Spider Monkey #1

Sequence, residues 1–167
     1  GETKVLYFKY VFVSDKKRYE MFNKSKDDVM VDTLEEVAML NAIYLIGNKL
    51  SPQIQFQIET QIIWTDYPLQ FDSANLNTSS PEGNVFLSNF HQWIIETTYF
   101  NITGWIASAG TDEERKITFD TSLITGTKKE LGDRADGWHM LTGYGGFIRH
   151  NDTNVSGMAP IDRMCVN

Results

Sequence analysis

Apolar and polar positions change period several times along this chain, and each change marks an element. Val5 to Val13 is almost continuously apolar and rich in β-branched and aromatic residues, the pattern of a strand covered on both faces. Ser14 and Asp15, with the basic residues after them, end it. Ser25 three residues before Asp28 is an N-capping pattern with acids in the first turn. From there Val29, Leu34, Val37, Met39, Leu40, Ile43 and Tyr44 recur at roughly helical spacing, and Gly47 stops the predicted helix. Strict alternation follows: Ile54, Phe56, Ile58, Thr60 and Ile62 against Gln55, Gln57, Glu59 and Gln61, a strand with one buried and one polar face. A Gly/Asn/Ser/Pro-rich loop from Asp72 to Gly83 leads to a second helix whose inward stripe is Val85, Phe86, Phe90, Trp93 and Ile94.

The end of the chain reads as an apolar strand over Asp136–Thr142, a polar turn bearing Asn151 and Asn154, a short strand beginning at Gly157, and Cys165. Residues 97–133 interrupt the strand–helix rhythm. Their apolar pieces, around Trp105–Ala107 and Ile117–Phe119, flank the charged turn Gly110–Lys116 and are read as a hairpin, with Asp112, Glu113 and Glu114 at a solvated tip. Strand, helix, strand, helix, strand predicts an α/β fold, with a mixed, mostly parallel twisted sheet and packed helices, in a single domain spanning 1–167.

Why hasn’t the world put Austin English (writer) and Jesse McManus (artist) together before now? Stuff like that always seems so easy in retrospect. I should also point out that this is the first issue of a series, that it came out in 2011 and that it is now the middle of 2014 without another issue in sight. And yes, there is a continuing story, so that’s annoying, but it’s easy enough to take this as a self-contained story. This one starts off with a young boy who is able to talk to animals. The method that he uses to talk to animals is a little hard to explain, so I’m not going to bother, but I’ll just say that it’s a unique solution to the problem. Granted, I didn’t understand why his sister heard him talking to his mouse friend and only heard a series of “meows”, but maybe that’s just how all people/animal conversation sound. His sister has a unique way of connecting with the house whenever she gets home, which should also be seen to be believed, and I realize I’m dangerously close to not fulfilling any sort of useful function as a reviewer here. How about if I point out that Jesse is the perfect artist to show both things: the infestation of black lines from the animal conversations and the way reality seems to bend around Spider’s sister after she completes her route. Anyway, these two live in a strange town of some kind where they can also go see a man who custom makes masks and tells stories in them and of them. It also appears that people can get their heads split open and fix up the wound with tape, which sounds like a cartoon, although in cartoons you can’t see their brains. Mix all this together, throw in a school, some history about a performer who worked in squiggly lines and a performance from the mask maker and you have yourself a comic. It’s all a bit more linear than I made it sound, and I do hope that this isn’t yet another series that never makes it past the first issue (as I do have questions that they seemed to be on their way to answering with future stories), but either way this is well worth your time to seek out. And for $5 for this much comic there’s really no reason not to!